In this connection, he holds a letter which he would not care to lose, for it comes from the Emergency Fleet Corporation commending him for his ability to camouflage war vessels.

Saturday, May 5, 2012

American Ship Dazzle Plans


Above are three surviving cut-outs from World War I ship camouflage plans. Painted in watercolor on board and measuring 6" high x 29.25" wide, they were made by an unknown American camouflage artist(s) (c1917-18) and are now in the collection of the National Archives and Records Administration, Records of the Bureau of Ships. My suspicion is that these painted silhouettes were made for testing purposes on the shore of Lake Ontario, under the direction of Eastman Kodak physicist Loyd A. Jones.

Below is a diagram of a visibility testing setup, designed by Jones. The cut-out ship silhouette was suspended from the crossbeam with piano wire and positioned at a height at which it appeared to rest in the water. It was then viewed through a telescopic instrument (devised by Jones) called a visibility meter, and measurements were made of its reflected light. It seems that all the other marine camouflage centers used three-dimensional plaster or wooden scale models of ships, not silhouettes, and substantially different testing methods. For detailed information on Jones' methodology, see Robert G. Skerrett, "Hoodwinking the Periscope" (originally published in 1919), reprinted in SHIP SHAPE: A Dazzle Camouflage Sourcebook (pp. 122-151).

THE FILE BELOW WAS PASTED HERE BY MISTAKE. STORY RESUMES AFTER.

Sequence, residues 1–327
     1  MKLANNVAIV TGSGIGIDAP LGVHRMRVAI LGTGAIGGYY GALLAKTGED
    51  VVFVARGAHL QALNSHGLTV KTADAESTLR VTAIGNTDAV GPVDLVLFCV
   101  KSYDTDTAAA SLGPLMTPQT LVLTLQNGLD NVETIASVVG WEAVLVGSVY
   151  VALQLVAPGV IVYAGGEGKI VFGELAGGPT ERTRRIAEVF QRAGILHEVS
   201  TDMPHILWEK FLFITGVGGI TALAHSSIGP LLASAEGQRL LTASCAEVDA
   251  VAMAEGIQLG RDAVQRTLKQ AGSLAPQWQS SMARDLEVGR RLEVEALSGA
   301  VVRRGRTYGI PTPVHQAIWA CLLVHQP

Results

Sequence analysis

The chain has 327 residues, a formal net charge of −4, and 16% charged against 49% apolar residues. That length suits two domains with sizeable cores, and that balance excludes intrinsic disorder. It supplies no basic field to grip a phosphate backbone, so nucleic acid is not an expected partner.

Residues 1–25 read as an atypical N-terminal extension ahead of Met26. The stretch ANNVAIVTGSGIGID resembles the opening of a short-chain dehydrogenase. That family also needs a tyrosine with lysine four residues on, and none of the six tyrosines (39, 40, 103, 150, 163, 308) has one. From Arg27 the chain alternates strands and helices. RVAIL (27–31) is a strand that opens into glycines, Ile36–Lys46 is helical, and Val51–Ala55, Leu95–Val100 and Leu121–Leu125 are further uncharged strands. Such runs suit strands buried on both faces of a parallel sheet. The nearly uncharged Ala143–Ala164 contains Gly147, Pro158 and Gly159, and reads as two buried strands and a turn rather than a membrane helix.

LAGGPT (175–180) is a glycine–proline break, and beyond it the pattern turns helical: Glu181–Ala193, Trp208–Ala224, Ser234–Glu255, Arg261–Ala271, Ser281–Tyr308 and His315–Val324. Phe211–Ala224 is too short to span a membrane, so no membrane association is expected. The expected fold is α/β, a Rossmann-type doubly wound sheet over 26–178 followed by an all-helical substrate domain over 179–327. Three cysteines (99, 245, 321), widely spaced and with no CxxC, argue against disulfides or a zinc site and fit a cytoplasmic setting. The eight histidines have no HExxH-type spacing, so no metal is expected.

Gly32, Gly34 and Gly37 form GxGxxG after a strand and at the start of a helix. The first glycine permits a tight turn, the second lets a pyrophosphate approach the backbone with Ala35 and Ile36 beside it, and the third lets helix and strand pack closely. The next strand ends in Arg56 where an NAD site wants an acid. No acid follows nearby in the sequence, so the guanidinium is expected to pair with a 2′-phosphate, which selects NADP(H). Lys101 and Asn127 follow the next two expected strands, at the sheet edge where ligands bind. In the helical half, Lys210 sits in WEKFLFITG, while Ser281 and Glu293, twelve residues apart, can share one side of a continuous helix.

Friday, May 4, 2012

Camouflaged Mermaids and Water Nymphs


 Above A cartoon from Harper's magazine (September 1919), with the caption: "To Decrease Visibility: Why not camouflage stockings?"
...

The following paragraph (about camouflage beachwear) appeared in the Little Oddities of Life section of Illustrated World (1918), p. 369, with the heading "Mermaid Indulges in Camouflage"—